#### Robustness of network reconstruction

To test how robust these results are, we generated a large pool of solutions by varying the allowed number of differences between 0 and 16, and also considering close-to-optimal solution (with an objective value at most 1.5 times the best possible given the number of differences between cell lines). We counted how often each edge differed between cell lines in the 168 solutions in the solution-pool. There is a limited number of edges that occur in the majority of these solutions (Fig 4B). These are: 1) the response of MEK to BRAF inhibition; 2) the effects of EGFR on MEK and AKT; 3) the feedback from ERK to MEK; 4) the responsiveness of MEK to growth-factor stimulation and 5) the responsiveness of AKT to AKT inhibition. Furthermore, the often-occurring differences were also quantitatively consistent in most solutions (Fig 4C), and in agreement with the observations we made earlier: 1) MEK activity in persisters is less responsive to BRAF inhibition; 2) more responsiveness to growth factor stimulation, 3) persisters have a negative feedback from ERK to MEK and, 4) the connection between EGFR and AKT is stronger in the (PTPN11 WT) parental cells. This indicates that these results are robust and do not depend on the detailed settings in the network reconstruction.

#### Interpretation

The CNR results suggest a model in which the persister cells became resistant by re-establishing normal (RAF-wildtype) MAPK signalling, by, for instance, using an alternative RAF-isoform (Fig 4D). Such a model explains the reduced response of MEK to Vemurafenib, which specifically targets BRAF^{V600E} and not wildtype RAF. It explains the stronger negative feedback from ERK to MEK, which is mediated through RAF and thus weak if BRAF is constitutively active. It also explains the increased responsiveness to EGFR and other growth factors, which are also mediated through RAF and thus weak if BRAF is constitutively active. Consistent with this hypothesis, pERK is activated in the persisters and RAS is constitutively loaded with GTP (Fig 4E). This hypothesis suggests that the persister cells might be sensitive to pan-RAF inhibition.

### Discussion and conclusion

In this study we developed Comparative Network Reconstruction (CNR), a computational method to reconstruct signaling networks based on perturbation data. CNR focusses on identifying quantitative differences between a set of cell lines (or other experimental models), as this is often the relevant biological question. One of the main advantages of CNR is it’s flexibility regarding prior knowledge of the network topology. Such knowledge it is not required, but can straightforwardly be incorporated. Using simulated data we showed that CNR works well with noisy and incomplete data.

We applied CNR to perturbation data we generated from BRAF^{V600E} mutated, PTPN11 KO colorectal cancer cells that were made resistant to the BRAF inhibitor Vemurafenib through continuous exposure to sub-lethal doses of the drug. The network reconstructions suggested a reversion to RAF wildtype-like MAPK signaling in the resistant cells that would likely make them sensitive to pan-RAF inhibition. This hypothesis raises a number of other interesting questions, such as how RAF can be activated and responsive to growth factor stimulation in the absence of PTPN11.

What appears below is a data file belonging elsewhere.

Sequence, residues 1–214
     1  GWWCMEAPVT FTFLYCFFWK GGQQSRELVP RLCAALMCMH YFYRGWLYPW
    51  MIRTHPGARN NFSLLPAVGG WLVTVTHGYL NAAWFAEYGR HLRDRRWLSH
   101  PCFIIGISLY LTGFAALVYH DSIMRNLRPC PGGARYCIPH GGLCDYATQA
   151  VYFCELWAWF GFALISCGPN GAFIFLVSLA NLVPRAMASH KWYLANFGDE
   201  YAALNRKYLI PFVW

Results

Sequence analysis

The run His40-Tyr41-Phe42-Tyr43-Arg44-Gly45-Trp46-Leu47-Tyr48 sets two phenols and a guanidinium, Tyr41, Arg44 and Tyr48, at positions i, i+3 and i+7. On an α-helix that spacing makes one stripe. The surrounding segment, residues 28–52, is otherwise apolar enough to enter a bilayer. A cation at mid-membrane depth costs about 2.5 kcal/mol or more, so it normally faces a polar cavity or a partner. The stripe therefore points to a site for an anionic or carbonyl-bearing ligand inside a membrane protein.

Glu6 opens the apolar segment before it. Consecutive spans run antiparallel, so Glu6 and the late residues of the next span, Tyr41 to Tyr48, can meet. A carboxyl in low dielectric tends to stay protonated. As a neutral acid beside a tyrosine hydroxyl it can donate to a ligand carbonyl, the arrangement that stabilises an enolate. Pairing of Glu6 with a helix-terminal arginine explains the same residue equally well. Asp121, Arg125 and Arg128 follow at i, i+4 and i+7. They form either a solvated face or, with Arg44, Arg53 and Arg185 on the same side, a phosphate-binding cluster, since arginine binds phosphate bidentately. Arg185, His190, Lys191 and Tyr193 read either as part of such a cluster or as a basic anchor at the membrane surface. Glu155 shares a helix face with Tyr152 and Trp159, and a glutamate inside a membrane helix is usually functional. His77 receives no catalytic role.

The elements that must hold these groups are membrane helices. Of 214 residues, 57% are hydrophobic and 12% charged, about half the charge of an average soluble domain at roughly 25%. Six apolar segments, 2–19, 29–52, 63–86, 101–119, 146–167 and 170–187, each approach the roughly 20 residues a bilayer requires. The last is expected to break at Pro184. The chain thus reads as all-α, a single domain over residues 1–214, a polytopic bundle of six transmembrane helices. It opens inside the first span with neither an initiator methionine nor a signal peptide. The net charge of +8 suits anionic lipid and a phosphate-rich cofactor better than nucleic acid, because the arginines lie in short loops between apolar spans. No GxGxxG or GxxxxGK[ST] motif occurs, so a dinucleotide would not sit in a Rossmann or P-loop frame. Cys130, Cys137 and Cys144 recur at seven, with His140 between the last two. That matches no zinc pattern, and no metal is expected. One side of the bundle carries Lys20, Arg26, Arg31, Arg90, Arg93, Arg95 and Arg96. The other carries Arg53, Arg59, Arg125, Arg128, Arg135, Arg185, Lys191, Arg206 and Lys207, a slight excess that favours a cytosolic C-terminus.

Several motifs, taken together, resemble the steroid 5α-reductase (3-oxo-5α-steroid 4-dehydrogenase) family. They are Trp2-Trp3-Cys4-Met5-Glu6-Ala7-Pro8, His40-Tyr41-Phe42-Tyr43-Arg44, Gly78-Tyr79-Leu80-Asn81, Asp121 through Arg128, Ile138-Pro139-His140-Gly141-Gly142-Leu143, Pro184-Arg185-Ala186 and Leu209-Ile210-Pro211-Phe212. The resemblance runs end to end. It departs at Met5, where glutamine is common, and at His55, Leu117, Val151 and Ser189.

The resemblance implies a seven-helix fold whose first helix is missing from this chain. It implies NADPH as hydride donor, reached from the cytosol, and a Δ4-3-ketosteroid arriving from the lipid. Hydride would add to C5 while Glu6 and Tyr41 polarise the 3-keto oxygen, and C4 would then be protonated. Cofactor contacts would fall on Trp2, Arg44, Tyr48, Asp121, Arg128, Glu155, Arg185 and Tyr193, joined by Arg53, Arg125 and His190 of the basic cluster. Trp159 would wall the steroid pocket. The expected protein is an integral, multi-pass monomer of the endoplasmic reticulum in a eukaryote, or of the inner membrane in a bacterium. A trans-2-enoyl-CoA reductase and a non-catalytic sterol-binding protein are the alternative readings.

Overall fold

CNR is formulated as an Mixed Integer Quadratic Programming (MIQP) problem. Theoretically, such problems are NP-hard, and the search space increases exponentially with the number of nodes in the network. In practice the MIQP problem associated with CNR can typically be efficiently solved. For example, a typical reconstruction for the 12-node Orton model is optimized in under a second on a standard laptop computer. Parameter-setting that lead to highly connected networks are somewhat slower (Fig S6), but since most proteins interact with a limited set of other proteins, biological networks are sparse and the highly connected solutions are not relevant. Additionally, the run time can be strongly reduced by incorporating prior information; for instance by providing a starting network with well known interactions and allowing for a limited number of additional edges. This approach is thus scalable to much larger networks.

In this work we focused on signaling networks, but the method can be applied to any perturbation data set were the targets of the perturbations are known. We used a L0-penalty for the differences between networks (an edge is either different or not) because such results are convenient to interpret as only a subset of edges need to be inspected. However, the penalty can be replaced with an L1 or L2-penalty (The absolute or square of the difference between two edges, respectively), which in some cases better resembles the biological problem, and is expected be be faster to solve.